Local Safeguarding Children's Boards (LSCBs) have an inconsistent approach to safeguarding disabled children at Board level across England and overall have not made sufficient progress against Ofsted’s 2012 recommendations for improvement, a survey has found.
The survey was carried out by the National Working Group on Safeguarding Disabled Children (NWGSDC) in consultation with the Association of Independent LSCB Chairs. Responses were received from 36 of the 146 LSCBs (25%).
While the survey did find examples of innovative practice, some serious issues were highlighted. For instance, a significant number of respondent LSCBs had not prioritised disabled children in the current or previous 2 years and many are not systematically gathering and evaluating information on disabled children.
In addition, less than half of respondent LSCBs had implemented measures to ensure that thresholds for child protection were understood and applied and survey responses indicate that overall there is a lack of strategic, preventative approaches to safeguarding disabled children.
Research has found that disabled children are 3-4 times more likely to be abused and neglected than non-disabled children and are more likely to experience multiple types and occurrences of abuse.
The NWGSDC works to ensure the protection of disabled children and young people. It is co-chaired by the NSPCC and the Ann Craft Trust, and comprises representatives from Council for Disabled Children, Action for Children, Contact a Family, NHS England, Imagine in Action, National Deaf CAMHS and NDCS.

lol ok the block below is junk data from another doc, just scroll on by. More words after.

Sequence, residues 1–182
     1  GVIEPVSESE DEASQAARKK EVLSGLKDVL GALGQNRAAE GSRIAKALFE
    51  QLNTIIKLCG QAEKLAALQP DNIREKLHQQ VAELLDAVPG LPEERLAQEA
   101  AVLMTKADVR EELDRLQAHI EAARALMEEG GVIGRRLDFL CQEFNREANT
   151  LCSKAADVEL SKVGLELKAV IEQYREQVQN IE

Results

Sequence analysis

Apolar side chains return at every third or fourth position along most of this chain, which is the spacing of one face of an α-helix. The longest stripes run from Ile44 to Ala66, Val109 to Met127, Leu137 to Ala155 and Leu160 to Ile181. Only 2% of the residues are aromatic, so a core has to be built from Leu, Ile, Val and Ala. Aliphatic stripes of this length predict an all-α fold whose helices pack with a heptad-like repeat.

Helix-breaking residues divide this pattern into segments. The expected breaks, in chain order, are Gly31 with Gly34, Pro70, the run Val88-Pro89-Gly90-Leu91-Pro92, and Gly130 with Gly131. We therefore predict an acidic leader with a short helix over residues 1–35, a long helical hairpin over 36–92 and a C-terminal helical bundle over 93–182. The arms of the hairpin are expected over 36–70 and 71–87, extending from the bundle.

Sarah Goff from the Ann Craft Trust said: “We know how vulnerable disabled children are to abuse, yet there are many barriers to their protection. It is essential that agencies collaborate in identifying and addressing these barriers and that arrangements are put in place to ensure the safeguarding of disabled children.”
The report calls for local authorities, the police and the health service, as future key local partners to have arrangements in place that ensure the equal safeguarding and protection of disabled children and for future statutory guidance to identify measures that should be taken. It calls for disabled children to be recognised as a key risk group and to ensure that there is an effective range of provision and support in the local area in order to safeguard them. Finally, the report calls on the Department for Education, Home Office and Ofsted to ensure that key local partners are recognising and meeting the safeguarding and protection needs of disabled children and are effectively implementing statutory guidance.
David Miller from the NSPCC added: “Despite improvements, many of the fundamental longstanding challenges remain and more needs to be understood about why commitments to the equal protection of disabled children are so often not reflected in strategic change. It is vital that LSCBs and, in the future, local authorities, the police and the health service as key local partners take the lead in driving through arrangements to protect disabled children from abuse.”